Jakarta is the capital city of Indonesia, with some 10.7 million inhabitants as of 2020. It is well known as the economic, political and cultural hub of the country, with its metropolitan area covering 6392km2. In regards to Jakarta's pollution problems, statistically speaking it comes in with a poor quality of air. In 2019, it came in with a PM2.5 yearly average of 49.4 µg/m³.

PM2.5 refers to microscopic particular matter of 2.5 or less micrometers in diameter, with a wide range of detrimental effects on human health and the environment, and as such it is one of the main pollutants used in calculating a city or countries overall air quality rating.

In regards to Jakarta's 2019 reading of 49.4 µg/m³, this number would put it into the ‘unhealthy for sensitive groups’ bracket, which requires a PM2.5 reading of anywhere between 35.5 to 55.4 µg/m³ to be classified as such. Just as the name suggests, a reading such as this would have direct negative health effects on certain demographics of the population, with young children, the elderly and those with poor levels of health or preexisting conditions being the most vulnerable. Despite these demographics being particularly at risk, an average PM2.5 reading this high would be detrimental to even those with good health, when exposed over a long period of time.

To reiterate on the poor levels of air quality in Jakarta, the 2019 reading put it into 126th place out of all the most polluted cities ranked in the world. This is a high ranking, and for some comparison, Bangkok came in at position number 737, with a PM2.5 reading of 22.8 µg/m³ taken over 2019. For a city to have a PM2.5 average that is more than double that of Bangkok's, which is somewhat already infamous for its levels of pollution, shows that there would be significant amounts of smoke, haze and other fine particulate matter permeating the atmosphere, with a large room for improvement.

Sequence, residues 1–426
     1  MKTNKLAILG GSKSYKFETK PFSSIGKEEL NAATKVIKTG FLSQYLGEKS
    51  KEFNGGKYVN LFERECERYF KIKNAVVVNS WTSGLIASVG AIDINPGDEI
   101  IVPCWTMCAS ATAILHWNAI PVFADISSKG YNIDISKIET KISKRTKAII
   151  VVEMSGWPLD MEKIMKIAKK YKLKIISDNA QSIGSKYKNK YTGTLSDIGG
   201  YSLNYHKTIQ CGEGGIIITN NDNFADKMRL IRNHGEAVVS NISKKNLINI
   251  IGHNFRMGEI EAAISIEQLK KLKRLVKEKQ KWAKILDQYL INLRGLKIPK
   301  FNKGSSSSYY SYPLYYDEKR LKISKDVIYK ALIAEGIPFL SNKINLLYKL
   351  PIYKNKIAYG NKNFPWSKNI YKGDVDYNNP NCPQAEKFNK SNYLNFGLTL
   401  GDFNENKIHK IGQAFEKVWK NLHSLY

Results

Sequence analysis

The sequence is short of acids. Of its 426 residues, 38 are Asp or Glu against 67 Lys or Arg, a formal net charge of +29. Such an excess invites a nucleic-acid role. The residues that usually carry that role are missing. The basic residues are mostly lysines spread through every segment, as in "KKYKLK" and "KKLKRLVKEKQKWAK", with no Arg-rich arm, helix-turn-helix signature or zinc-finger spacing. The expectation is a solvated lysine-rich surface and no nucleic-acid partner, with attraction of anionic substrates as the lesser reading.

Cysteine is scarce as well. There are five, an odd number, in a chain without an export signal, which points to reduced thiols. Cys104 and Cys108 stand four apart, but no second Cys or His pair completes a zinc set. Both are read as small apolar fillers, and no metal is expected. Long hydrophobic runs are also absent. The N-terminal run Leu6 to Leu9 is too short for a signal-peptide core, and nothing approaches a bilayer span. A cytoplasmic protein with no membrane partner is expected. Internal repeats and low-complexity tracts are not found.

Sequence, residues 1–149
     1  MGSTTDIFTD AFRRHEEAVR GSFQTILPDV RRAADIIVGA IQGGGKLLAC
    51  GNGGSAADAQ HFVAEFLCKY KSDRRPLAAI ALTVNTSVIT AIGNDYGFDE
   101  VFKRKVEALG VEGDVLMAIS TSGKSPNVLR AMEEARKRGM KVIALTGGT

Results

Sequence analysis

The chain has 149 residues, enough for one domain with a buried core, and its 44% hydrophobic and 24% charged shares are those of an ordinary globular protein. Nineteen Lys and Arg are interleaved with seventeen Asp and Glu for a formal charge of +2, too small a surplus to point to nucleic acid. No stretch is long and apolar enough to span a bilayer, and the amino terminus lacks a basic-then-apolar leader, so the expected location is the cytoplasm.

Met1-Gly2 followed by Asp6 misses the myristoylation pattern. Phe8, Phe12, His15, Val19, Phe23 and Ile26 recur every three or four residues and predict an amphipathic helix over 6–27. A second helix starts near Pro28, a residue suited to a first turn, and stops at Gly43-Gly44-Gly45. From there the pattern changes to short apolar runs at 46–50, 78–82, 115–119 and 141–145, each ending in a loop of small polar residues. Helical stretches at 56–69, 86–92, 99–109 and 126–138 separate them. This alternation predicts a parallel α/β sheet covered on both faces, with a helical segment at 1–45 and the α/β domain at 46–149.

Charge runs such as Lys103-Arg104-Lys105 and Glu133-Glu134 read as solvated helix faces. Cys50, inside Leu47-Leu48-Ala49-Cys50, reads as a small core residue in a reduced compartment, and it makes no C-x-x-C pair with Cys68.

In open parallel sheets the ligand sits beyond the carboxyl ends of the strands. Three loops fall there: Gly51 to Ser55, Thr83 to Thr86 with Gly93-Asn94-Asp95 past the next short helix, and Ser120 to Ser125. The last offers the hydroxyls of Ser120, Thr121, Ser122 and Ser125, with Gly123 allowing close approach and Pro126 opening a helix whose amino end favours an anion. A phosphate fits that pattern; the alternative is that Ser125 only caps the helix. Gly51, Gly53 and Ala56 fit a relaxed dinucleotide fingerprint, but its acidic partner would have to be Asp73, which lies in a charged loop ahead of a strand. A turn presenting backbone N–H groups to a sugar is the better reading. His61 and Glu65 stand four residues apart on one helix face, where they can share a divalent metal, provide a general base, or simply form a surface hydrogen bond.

Why are the levels of pollution so bad in Jakarta?

There are a number of contributing factors in regards to the high levels of pollution in Jakarta. During the year of 2019 a PM2.5 reading of 67.2 µg/m³ was recorded, putting that month’s air quality into the “unhealthy” bracket (55.5 to 150.4 µg/m³ to be classed as such). In order for readings as high as this to be coming in, sources such as vehicles, factory emissions and open burning of organic materials all play a large part.